Archaeologists Discover Bronze Hand Dating Back 2,100 Years With Oldest Basque Inscription Ever

Archaeologists have discovered a bronze hand dating back 2,100 years and sporting the oldest known inscription in the Basque language that could shed light on its history.

The discovery was made in Irulegi, a village near the Castle of Irulegi, which is located to the south of the city of Pamplona, in Navarre, in northern Spain, with the artefact being dubbed the Hand of Irulegi.

Image shows the bronze hand, undated photo. The discovery was made in Navarre, northern Spain. (Carmen Ursua, Government of Navarre/Newsflash)

Experts in Spain have said that the hand features “the oldest inscription in the Basque language known to date”.

The bronze hand, which dates back to the 1st century BC and to the Sertorian War, was discovered on 18th June 2021 by archaeologists from the Aranzadi Science Society, which has been digging in the area since 2017, headed up by archaeologists Mattin Aiestaran, director of the Irulegi excavation.

The Sertorian War was a civil war fought on the Iberian peninsula between 80 and 72 BC. It opposed a faction of Roman rebels, the Sertorians, and the Roman government (Sullans).

Newsflash obtained a statement from the government of Navarra in northern Spain on 14th November saying that the hand was “designed to hang on the front door of a house, as a protective ritual object for the home.”

The discovery was unveiled by Navarra President Maria Chivite, who said that it was a “first-order historical milestone”, both from archaeological and from linguistic perspectives.

Image shows the bronze hand, undated photo. The discovery was made in Navarre, northern Spain. (S. C. Aranzadi, Government of Navarre/Newsflash)

The statement added: “Along with other findings, it confirms the use of writing by the ancient inhabitants of this area.”

Until now, the area’s ancient inhabitants had reportedly been considered to be largely illiterate.

It was thought that they had only started writing when the Romans introduced them to the Latin alphabet, but this discovery contradicts that view.

Javier Velaza, who is a professor of Latin philology at the University of Barcelona and one of the linguistics experts who worked on the hand, said it finally confirmed that the Vacones had a written language.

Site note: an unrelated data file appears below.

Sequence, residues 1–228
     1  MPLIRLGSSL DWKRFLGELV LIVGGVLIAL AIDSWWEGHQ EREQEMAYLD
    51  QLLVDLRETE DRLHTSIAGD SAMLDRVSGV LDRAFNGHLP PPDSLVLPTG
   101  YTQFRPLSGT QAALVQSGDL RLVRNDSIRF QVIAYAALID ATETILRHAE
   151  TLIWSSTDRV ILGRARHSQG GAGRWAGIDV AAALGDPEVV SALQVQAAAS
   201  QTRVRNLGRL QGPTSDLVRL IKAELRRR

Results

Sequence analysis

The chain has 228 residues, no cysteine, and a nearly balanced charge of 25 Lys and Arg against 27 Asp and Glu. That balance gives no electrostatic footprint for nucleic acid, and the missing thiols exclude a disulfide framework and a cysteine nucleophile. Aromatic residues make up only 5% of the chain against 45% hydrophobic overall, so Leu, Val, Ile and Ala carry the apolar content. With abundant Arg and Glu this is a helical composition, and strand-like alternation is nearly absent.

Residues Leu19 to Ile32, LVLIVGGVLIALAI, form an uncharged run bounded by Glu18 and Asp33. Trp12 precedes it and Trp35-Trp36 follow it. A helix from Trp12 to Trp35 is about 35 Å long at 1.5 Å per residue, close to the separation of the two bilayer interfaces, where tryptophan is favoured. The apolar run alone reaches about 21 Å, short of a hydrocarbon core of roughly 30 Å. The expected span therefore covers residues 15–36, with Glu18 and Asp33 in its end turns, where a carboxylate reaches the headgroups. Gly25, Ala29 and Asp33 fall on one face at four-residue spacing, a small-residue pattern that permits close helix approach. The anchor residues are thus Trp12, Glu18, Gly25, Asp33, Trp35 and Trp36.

He said: “People spoke the Vasconic language in the area where the inscriptions were discovered.”

He added: “We had thought that to be the case but until now as we had hardly any texts.

“But now we do and we also know that the Vascones used writing […].”

Velaza added: “This inscription is indisputable. The first word of the text is clearly a word that is found in modern Basque.”

Image shows the bronze hand, undated photo. The discovery was made in Navarre, northern Spain. (S. C. Aranzadi, Government of Navarre/Newsflash)

The bronze hand bears the word “sorioneku”, which is similar to the modern-day basque word “zorioneko” and which experts have translated to mean ‘good fortune’.

It is so far the only word out of five inscriptions on the hand that archaeologists and linguists have translated. The other words can be transliterated as: “tenekebeekiratere”, “oTirtan”, “eseakari”, and “eraukon”.

The statement explained that the hand was discovered “in the framework of the excavations that are being carried out in the town of Irulegi (Valle de Aranguren), inhabited between the middle of the Bronze Age (15th to 11th centuries BC) and the end of the Bronze Age (1st century BC).”

The statement also explained that despite being found in 2021, “the inscription was not discovered until 18th January, 2022, when the cleaning and restoration work on the piece began.”

The experts added: “Since then it has been investigated by a multidisciplinary team of archaeologists, geologists, restorers, chemists, epigraphers and linguists.

“Its immediate destination will be a chamber for the conservation of metals in the premises of the Historical Heritage Service, where the research work will continue. In the future, it is hoped that it will be able to be exhibited at the Museo de Navarra, which has the appropriate conservation and security measures for its exhibition.”

The site where it was discovered has been described as one of “singular importance”, not least because the “hand of Irulegi” introduces “significant novelties in the archaeological and linguistic world”.

Image shows the excavation site where the bronze hand was found, undated photo. The discovery was made in Navarre, northern Spain. (Mattin Aiestaran, Government of Navarre/Newsflash)

The statement said: “On the one hand, it confirms the existence of a specific graphic system, derived from a variant of the Iberian signatory, called ‘vasconic signatory’.

“In addition, it confirms the use of the Basque language in the geographical area in which it was discovered at the beginning of the 1st century BC; that is, more than 2,000 years ago.”

President Chivite said: “The most exciting thing is that this is just the beginning. We don’t know what other treasures Irulegi holds.”


To find out more about the author, editor or agency that supplied this story – please click below.
Story By: Joseph GolderSub-EditorMarija Stojkoska, Agency: Newsflash

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